Summer is in full-force. The warmth of the sun feels wonderful on your skin, the landscape is spotted with vivid flowers and lush greenery, and, with colder weather looming in the distant feature, there is an itch to explore as much of the world as possible.
Those who value time spent in solitude while taking in the textures of summer know how revitalizing hiking is as both a form of exercise and a form of meditation. While silence during a hike is optimal for taking in the scenery and clearing your head, it’s nice to have company in the form of a hiking partner. For some, that may be a friend, but for dog owners, nothing beats bring your furry companion along for the hike.
Larger dogs can handle the strenuous exertion of most hikes, however, your small dog may require a different approach to ensure the strain is not too much for their smaller frames to handle. Breeds such as corgis, Jack Russell terriers, and Shetland sheepdogs are notorious for their high levels of energy and activity. Despite their vigor, they have physical limitations that could prevent them from completing an entire with you.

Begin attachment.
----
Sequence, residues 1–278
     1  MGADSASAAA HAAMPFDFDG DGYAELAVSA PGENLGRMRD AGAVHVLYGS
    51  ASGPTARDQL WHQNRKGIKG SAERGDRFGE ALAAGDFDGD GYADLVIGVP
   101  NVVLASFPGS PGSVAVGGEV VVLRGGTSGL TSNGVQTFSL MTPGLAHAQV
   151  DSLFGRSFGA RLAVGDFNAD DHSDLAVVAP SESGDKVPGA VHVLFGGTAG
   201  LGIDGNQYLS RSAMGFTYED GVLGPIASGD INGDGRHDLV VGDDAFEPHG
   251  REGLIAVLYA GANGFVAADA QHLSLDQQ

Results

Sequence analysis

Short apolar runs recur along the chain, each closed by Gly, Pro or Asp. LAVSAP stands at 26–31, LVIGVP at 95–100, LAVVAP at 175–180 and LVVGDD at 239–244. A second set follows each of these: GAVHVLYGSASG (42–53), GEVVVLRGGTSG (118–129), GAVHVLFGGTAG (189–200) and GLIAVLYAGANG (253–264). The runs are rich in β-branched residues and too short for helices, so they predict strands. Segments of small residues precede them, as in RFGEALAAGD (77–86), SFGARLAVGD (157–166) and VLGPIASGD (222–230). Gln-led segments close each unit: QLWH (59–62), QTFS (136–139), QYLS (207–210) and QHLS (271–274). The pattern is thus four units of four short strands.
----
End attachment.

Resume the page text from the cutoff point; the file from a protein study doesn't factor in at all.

Keep an eye on your dog throughout your hike. If you notice any of these signs, it’s time to intervene so as not to overwork your pet:
Signs of weariness.
Small dogs are very excitable and will often exhaust themselves by completely running through their stored energy. But their activity level at home is not an indication of how they will be on a hike. Start off small by going on short hikes on beginner trails. If you notice your dog panting excessively or stopping frequently to lay down, those are indicators of weariness. Continue these trails until your dog completes them with ease, then you can begin building up to intermediate hikes.
Be cognizant of elevation and terrain.
Once your dog works up the endurance to handle more challenging trails, it is still important that you are mindful of the elevation and terrain of every hike you go on. Dogs with shorter limbs and longer spines do not have the proper physical frame to handle the strain of constantly jumping from higher surfaces, such as boulders. Also, higher elevations make it more difficult for dogs to catch their breath, just as in humans.
Pack healthy food.
Just as you would throw a granola bar in your backpack for sustenance, it’s important to bring food and water along for your pet. They will be burning a high number of calories throughout the duration of the hike. If you keep them on their leash, plan to increase their calories between 50-100 percent. If they are well-trained enough to roam freely, the number should be closer to 100 percent.
With your dog in tow, and these support systems in place, you can explore the best hiking spots with your furry best friend all summer long!